Body Love

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I recently talked with a client about the dog that is a very special part of her life.  She described how much she loves the dog’s body. With keen sensory awareness, she talked about the way the dog feels, her warmth, and the soft pressure as her pooch curls up next to her.  It blew my client’s mind when I replied, “It’s mutual. The dog loves your body, too!”

At first, my client looked at me like I had three heads. Then she felt the revelation. This body, the one that she has hated for many decades as she battled anorexia, bulimia, and binge eating, is actually lovable! In fact, there is a sweet little pup who loves her warmth and softness and cuddliness, who jumps up and down when she sees her. And this little dog doesn’t just love the idea of her or who she represents, this little dog loves her feel, her smell, her actual physical body just as it is.

It was so helpful for my client to see just how relative our feelings about our bodies can be. The New Oxford American Dictionary defines body image is as “the subjective picture or mental image of one’s own body.” The way that we “see” our bodies can be very different from what others see, especially other beings that love us.

Let’s take a look at ways in which you might be promoting either a negative, critical or a more accepting, nurturing body image -- and how you might move closer to the latter.

  • Do you measure your self with a one-dimensional surface? Notice how often you check your body -- or parts of your body --  in the mirror. How often do you step on a scale? How does this make you feel about yourself? 

One way to decrease negative feelings about your body is to vow to only observe your body in the mirror with a trusted friend or therapist present, so that you always get a more objective person’s view. The rest of the time, make a conscious effort to not check out your stomach (or whatever part of your body is a target for negative feelings) in the mirror. Decreasing scale-checking and mirror-checking will positively effect your self-esteem. It will also help you shift away from focusing on the body as the most important part of your self.

  • Do you wear clothes that are comfortable and fit well -- or do you squeeze your body into too-tight clothes so that you feel forced to eat less -- or reminded all day about how much you don’t feel good in your body? 

If you want to feel better in your body all day, then find the clothes in your wardrobe (or treat yourself to some new ones) that fit well, make you feel good, and allow for flexibility with your own body fluctuations.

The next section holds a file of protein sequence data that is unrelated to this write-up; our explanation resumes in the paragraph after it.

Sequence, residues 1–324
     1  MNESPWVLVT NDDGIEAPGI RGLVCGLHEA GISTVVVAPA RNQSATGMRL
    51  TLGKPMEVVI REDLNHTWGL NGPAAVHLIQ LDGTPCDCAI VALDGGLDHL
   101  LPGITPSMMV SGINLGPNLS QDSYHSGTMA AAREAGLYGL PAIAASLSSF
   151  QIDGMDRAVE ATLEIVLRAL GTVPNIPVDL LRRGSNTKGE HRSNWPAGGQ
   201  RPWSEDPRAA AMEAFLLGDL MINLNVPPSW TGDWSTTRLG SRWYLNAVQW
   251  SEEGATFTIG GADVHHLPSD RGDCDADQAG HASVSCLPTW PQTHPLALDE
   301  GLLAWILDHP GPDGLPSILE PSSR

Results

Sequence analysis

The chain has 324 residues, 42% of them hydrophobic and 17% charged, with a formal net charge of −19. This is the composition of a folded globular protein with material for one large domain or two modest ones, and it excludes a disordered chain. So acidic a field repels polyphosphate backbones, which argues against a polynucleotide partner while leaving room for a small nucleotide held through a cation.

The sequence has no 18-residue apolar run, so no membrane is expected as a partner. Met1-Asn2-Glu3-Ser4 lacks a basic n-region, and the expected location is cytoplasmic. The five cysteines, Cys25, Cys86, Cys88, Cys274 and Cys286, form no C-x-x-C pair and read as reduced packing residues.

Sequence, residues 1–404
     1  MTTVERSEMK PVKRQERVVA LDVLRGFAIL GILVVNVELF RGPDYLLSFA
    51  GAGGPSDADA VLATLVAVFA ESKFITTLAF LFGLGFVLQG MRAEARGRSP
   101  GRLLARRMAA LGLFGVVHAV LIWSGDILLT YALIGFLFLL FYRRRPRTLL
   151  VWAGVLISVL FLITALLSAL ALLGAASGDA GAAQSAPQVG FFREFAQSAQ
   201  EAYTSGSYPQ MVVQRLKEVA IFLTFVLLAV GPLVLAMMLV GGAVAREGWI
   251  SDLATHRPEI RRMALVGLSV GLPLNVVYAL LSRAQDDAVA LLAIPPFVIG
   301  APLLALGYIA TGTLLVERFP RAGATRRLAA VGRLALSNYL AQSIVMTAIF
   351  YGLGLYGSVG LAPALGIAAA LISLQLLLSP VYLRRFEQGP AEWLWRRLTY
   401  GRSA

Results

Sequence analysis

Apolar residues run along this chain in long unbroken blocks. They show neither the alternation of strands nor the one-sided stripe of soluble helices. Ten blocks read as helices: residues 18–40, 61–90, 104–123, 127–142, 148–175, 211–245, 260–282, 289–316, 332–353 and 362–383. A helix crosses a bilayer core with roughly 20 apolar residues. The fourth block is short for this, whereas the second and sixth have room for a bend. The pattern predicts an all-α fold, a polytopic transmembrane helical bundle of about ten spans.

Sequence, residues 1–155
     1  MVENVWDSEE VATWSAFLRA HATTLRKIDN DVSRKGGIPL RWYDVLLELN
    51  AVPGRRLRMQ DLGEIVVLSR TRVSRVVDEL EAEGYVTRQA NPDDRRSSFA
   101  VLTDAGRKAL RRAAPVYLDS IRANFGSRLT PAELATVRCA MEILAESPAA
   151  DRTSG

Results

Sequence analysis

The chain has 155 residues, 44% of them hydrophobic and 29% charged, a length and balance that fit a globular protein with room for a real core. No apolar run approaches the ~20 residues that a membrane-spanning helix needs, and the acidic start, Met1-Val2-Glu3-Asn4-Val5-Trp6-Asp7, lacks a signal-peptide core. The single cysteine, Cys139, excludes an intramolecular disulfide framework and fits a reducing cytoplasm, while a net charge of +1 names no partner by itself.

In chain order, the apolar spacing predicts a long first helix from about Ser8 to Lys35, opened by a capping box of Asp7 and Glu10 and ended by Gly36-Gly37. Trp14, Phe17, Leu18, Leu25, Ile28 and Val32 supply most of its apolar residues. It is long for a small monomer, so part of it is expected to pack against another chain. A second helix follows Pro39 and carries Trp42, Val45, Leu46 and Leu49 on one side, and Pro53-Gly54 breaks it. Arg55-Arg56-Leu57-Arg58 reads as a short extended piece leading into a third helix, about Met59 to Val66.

• Do you displace negative feelings onto your body by focusing on particular body parts? 

Some things to explore: Do you focus on your tummy when there are “core” issues that you really want to work on? Do you focus on your hair when issues of control are on the front burner? Think about your particular body angst and what it could be telling you are the real concerns underneath. Journal about this or talk to a trusted friend or therapist about these feelings. We can begin to let go of negative feelings that we contain in our bodies if we acknowledge first that they are there.

  • Do you wake up in the morning scrutinizing your body and focusing on every ache and pain and defect -- or do you wake up with self-care and acknowledgement of the miracle that having this body really is? 

If you want to start the day feeling more positive about your body, then remember that those negative thoughts and feelings are just what they are (thoughts and feelings) and they can be changed. We say “fake it until you make it.” Even if you don’t quite believe them, vow to give yourself positive messages every morning, until it becomes a habit to wake up this way. For example, try “I feel vital and strong and I am going to be effective today” or “I am unique and lovable just the way that I am.” Or write your own valentine.

One of my wise clients recently shared with me something that she read: “What if everyone woke up in the morning and asked, ‘How can I bring more love into the world today?’ How would our days be different?”  Let’s start making our days different by first loving ourselves: body, mind, and spirit. If you don’t really believe you have a lovable body, then spend some time with a dog, like my client did. You’ll soon know how irresistible that sweet body of yours can be!